The number of drink and drug driving conditions on UK roads has continued to fall, with the COVID-19 related lockdowns over the last 12 months believed to be responsible. With pubs, bars and restaurants closed repeatedly and many of us travelling less, it comes as no surprise that the number of people offending has dropped.
A decline in drink-related driving offences for most of the UK
According to MoneySuperMarket.com, research shows that conviction rates for drink driving offences have continued their downward trajectory. The research shows a year-on-year decline, with 0.86 drivers per 1000 in 2019 reporting offences and 0.79 per 1000 drivers in 2020 reporting offences.
However, drug-related driving offences have continued to increase, with the data showing that from 2018 until 2020, convictions for drug driving rose from 0.11 per 1000 drivers to 0.17 per 1000. The pandemic and the associated restrictions which forced many of us to stay at home are an obvious explanation for the drop in drink driving offences, however, the increase in drug driving offences is clearly an area that causes concern.
Three areas of the UK record an increase in drink driving
Despite the huge fall in traffic in 2020 and the overall decrease in drink and drug driving offences, three UK police force areas actually recorded an increase in drink and drug driving. According to This Is Money, police forces in Wiltshire, Humberside and the City of London recorded more offences in 2020 than 2019.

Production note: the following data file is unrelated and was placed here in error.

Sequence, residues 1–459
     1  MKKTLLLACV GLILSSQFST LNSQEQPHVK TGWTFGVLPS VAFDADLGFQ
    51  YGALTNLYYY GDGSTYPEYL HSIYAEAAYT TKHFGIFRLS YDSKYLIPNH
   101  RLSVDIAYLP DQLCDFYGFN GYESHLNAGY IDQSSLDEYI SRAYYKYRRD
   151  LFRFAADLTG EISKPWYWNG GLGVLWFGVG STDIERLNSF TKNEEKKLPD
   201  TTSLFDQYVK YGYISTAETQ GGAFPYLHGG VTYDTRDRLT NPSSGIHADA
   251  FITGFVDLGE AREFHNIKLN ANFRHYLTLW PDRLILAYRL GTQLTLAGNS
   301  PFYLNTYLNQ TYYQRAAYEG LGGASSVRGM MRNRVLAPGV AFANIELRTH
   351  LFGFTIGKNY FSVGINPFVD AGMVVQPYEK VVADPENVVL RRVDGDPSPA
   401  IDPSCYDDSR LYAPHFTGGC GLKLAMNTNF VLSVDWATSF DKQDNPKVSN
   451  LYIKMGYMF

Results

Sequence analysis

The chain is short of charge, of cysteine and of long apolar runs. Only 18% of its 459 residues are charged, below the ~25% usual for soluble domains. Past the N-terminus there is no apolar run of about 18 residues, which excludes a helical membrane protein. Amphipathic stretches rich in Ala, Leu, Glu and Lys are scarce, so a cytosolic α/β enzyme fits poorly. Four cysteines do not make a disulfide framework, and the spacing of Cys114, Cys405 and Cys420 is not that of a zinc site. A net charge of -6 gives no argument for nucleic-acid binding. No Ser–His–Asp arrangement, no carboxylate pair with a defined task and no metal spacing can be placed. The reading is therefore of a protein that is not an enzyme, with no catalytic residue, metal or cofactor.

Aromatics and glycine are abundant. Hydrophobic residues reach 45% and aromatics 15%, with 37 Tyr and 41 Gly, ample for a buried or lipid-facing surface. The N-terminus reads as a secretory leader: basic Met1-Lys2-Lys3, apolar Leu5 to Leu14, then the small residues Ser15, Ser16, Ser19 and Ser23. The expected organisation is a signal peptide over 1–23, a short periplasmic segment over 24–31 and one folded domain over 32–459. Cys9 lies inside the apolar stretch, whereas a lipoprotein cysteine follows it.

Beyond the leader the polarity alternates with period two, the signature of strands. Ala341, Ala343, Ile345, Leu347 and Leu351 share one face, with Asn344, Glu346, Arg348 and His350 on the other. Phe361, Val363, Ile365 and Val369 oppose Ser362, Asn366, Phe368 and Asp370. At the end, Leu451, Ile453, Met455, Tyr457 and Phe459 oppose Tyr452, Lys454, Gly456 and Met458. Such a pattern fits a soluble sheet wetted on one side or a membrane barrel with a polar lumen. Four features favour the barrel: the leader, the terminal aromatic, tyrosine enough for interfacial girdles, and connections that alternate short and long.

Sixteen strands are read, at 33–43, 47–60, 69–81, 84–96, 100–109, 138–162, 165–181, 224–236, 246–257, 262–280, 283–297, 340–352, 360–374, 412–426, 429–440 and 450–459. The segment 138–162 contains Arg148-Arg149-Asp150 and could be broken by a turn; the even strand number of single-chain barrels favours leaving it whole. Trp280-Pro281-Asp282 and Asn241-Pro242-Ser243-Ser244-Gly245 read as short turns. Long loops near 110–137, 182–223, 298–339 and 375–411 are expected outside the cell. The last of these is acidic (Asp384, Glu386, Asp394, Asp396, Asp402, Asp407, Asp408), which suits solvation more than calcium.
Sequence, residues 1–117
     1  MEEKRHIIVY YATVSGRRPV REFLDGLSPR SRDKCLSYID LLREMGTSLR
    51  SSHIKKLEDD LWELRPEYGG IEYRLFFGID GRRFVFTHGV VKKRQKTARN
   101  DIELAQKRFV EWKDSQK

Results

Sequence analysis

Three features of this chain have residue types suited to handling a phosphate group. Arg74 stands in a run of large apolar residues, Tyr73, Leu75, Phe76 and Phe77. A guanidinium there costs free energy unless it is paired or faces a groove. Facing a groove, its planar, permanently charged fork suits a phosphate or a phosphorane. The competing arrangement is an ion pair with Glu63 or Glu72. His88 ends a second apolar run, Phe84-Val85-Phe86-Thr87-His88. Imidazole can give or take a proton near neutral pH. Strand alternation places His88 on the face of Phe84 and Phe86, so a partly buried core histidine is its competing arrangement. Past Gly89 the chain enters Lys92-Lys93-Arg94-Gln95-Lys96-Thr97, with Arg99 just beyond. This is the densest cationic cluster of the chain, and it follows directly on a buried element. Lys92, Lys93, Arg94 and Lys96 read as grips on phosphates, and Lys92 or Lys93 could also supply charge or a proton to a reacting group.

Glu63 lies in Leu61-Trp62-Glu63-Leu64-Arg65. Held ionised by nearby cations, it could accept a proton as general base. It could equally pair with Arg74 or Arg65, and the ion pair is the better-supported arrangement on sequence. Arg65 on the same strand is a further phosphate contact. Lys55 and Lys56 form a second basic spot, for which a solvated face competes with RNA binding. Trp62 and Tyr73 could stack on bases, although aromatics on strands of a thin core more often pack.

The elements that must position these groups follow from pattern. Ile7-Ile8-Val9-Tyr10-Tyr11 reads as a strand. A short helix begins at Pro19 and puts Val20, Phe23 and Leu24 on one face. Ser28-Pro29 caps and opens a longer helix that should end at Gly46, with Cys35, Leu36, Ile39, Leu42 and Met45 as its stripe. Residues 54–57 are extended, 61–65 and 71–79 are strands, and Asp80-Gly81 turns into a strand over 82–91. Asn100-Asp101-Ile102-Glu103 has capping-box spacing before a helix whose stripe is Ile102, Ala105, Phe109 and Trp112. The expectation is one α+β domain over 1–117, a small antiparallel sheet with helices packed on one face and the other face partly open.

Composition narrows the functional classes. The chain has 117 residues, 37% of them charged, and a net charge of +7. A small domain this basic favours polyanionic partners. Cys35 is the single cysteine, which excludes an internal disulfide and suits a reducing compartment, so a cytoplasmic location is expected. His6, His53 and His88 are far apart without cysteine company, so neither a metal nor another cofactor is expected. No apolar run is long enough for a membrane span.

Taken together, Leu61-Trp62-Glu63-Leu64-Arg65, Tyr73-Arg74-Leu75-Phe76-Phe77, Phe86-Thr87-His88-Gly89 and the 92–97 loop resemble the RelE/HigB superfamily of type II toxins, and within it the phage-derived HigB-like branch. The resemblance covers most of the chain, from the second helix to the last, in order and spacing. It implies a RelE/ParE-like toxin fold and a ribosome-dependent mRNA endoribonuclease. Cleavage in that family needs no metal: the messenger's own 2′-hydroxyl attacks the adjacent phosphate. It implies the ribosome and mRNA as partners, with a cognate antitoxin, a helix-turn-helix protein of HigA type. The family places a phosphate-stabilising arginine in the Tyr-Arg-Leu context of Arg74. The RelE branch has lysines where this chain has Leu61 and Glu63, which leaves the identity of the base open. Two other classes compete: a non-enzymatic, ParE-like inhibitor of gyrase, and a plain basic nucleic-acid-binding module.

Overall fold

In fact, the Humberside Police recorded a 131 per cent increase year-on-year, with 104 drink or drug-related offences in 2020 compared to 45 in 2019. These increases are concerning given the significant drop in traffic due to lockdown restrictions, with 80 per cent lower traffic volumes reported across the country.
Will the overall downward trajectory of drink driving offences continue?
As the restrictions begin to ease, it is important to remain vigilant when driving, as it can be hard to know whether you have stepped over the legal drinking limit to drive. We are all looking forward to pubs reopening, but if you are in doubt about whether you are over the limit, do not risk it.
Drink and drug driving will put yourself and others at risk, not to mention high fines, driving bans and the increased cost of car insurance. In fact, according to I Am Road Smart, the personal financial cost of a drink driving offence could be in the region of £70,000.
This figure takes into account legal fees, fines, car insurance premiums, new transport costs and even the potential loss of salary following a conviction. These figures are based on an average salary, so in reality, the personal financial impact on you could be much higher, not to mention the danger involved to you and others.
The development of anti-drink driving technology
CarWow, the car buying comparison site, carried out research with 2000 people relating to their thoughts on reducing drink driving offences. The survey found that 38% thought that anti-drink driving technology should be installed in all cars, with a variety of systems already in development.